“Dark” review: the German “Stranger Things”?

Due to its obvious parallels to Stranger Things, Netflix‘s first original German series Dark was widely perceived as a European version of its American ‘counterpart‘. But isn’t this assertion just a little too simplified?

The 10-episode series created by Baran bo Odar and Jantje Friese was launched by Netflix on December 1, 2017. As Netflix has recently started focussing on internationally produced series, Dark is in line with other productions like the Spanish-language series Narcos or the Italian-language series Suburra: Blood on Rome. What makes these series so enjoyable for me is their authenticity – the combination of foreign settings and foreign languages give me a sort of “yes, that’s it!” feeling for which I readily accept the cost of having to read subtitles in most conversations.

Dark  is set in a German town called Winden. After  the disappearance of two local children, the overall situation of the town seems to worsen, bringing to light a network of intrigues encompassing the four families involved in the plot. With time it becomes apparent that the local atomic power plant has something to do with the children’s disappearance. The story follows the three main characters: police chief Charlotte Doppler and police officer Ulrich Nielsen, who are investigating separately, and the teenager Jonas Kahnwald, who has his own way of finding answers to the many questions in his life.

As a consequence of time travel, the series switches between three different storylines – 1953, 1986 and 2019, all of which are related through the number 33. This allows Dark to become a very complex show where the characters can take on up to three different guises depending on the time.

Dark and Stranger Things do share several characteristics: the 80s setting, missing children, mysterious tunnels, different dimensions, to name only a few. But on the other hand, Dark can’t simply be considered a copy-and-paste offshoot of Stranger Things. There is somehow more to it: Dark has a far more serious story and indeed puts the viewer in a kind of ‘dark‘ mood. There is not much space left for humour and funny scenes – this, however, to me is simply a criterion which makes the series fit its name. Furthermore, Dark seems to have a more sophisticated approach to the plot. The series involves questions of determinism and destiny and gives seemingly reasonable and thus authentic explanations. The aforementioned complexity combined with the seriousness of its themes and actors have led to some critics labelling the series ‘Stranger Things for grown-ups’.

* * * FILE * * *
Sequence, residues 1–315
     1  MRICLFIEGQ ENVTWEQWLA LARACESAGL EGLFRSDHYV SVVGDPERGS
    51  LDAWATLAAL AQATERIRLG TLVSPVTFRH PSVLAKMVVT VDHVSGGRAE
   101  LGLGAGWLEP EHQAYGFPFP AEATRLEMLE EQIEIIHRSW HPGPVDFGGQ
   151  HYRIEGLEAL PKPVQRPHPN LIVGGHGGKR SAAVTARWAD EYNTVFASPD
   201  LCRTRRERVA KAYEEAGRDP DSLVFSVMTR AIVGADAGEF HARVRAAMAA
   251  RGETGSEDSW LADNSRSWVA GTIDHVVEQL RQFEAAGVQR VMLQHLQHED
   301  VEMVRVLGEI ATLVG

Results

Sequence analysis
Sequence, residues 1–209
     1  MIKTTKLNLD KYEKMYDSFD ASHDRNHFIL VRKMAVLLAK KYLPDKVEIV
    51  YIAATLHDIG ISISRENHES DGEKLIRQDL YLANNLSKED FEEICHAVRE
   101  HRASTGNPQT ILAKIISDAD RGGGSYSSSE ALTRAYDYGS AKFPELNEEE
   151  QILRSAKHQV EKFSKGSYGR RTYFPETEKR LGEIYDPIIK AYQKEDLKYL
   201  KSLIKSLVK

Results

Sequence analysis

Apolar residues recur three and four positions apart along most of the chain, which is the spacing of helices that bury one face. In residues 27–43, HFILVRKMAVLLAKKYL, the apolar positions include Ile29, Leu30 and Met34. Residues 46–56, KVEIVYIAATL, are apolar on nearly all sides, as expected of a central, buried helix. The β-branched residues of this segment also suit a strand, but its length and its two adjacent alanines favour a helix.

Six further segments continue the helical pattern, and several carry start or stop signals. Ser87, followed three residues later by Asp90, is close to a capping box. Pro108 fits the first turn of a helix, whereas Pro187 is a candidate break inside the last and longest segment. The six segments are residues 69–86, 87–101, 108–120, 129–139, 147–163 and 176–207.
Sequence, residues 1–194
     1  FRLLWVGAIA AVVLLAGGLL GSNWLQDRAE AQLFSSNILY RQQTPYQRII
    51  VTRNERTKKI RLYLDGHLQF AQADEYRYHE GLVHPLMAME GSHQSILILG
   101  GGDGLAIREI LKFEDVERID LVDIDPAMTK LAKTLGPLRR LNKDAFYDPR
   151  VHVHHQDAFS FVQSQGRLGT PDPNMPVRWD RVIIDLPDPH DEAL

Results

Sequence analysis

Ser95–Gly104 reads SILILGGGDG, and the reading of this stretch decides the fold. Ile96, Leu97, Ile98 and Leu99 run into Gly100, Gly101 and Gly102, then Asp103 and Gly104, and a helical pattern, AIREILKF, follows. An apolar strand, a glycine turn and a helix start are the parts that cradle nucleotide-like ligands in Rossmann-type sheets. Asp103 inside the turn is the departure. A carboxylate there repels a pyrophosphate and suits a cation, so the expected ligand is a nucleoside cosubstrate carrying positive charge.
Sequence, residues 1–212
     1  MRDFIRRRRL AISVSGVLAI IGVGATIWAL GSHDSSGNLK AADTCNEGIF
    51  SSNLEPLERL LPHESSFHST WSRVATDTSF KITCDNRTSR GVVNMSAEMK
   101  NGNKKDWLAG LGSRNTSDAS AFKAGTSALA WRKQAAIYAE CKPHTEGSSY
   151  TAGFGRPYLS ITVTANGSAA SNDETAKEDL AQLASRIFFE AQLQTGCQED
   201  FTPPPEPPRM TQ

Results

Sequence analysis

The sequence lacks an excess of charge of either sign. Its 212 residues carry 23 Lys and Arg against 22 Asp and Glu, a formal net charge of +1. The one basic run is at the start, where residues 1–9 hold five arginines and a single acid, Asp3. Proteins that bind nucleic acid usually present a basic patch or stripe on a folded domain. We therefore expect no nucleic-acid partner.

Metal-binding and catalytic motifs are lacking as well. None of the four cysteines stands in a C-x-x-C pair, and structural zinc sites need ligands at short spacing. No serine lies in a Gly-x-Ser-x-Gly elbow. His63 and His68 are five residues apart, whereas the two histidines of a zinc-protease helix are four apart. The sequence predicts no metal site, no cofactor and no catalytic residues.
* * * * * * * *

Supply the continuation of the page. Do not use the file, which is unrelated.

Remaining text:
While I generally consider the series’ complexity a positive aspect, it can also lead to some confusion. Sometimes it’s hard to keep track of who is who in the different storylines and the seemingly endless number of plot twists and deeper connections forced me to watch some scenes twice. Again, this is what makes Dark a special series – you can hardly just lean back and let yourself be entertained. But once you try to connect with the story, you will definitely get hooked and your brain demands the next episode.

As a German who for some reason is naturally quite crictical about German actors and productions, there were some scenes where actors like Christian Pätzold playing the police officer Egon Tiedemann in 1986 or Louis Hofmann playing Jonas Kahnwald in 2019 didn’t convince me. I simply couldn’t buy their seriousness – but maybe I was paying too much attention to their acting, particularly because they are German.

To sum it up, despite two minor negative aspects I believe that Dark is a thrilling show with a lot of potential for the upcoming seasons. Watching Dark brought up feelings in me which Stranger Things never did – that’s why I’m of the opinion that both series have their peculiarities which make them great in their respective fields.

Dark’s mysterious setting in the German town of Winden perfectly contributes to its creepy overall theme. To me it felt like the place had as much significance as the series’ characters. Interestingly, it’s a matter of debate whether Winden is a real town: while there are several places with this name in Germany, like Winden im Elztal which is situated in the Black Forest, a New York Times article suggested that the place in the series is fictional. There is no official statement from the producer’s side on the fictionality or otherwise of Winden. Just to add some more dubiousness, a look into an English-German dictionary reveals that “winden” is an action verb which means “to twist something”. Thinking of the many plot twists involved in the show, this could also be a genius example of intentional word play.

Florian Rehme

Posted in TV

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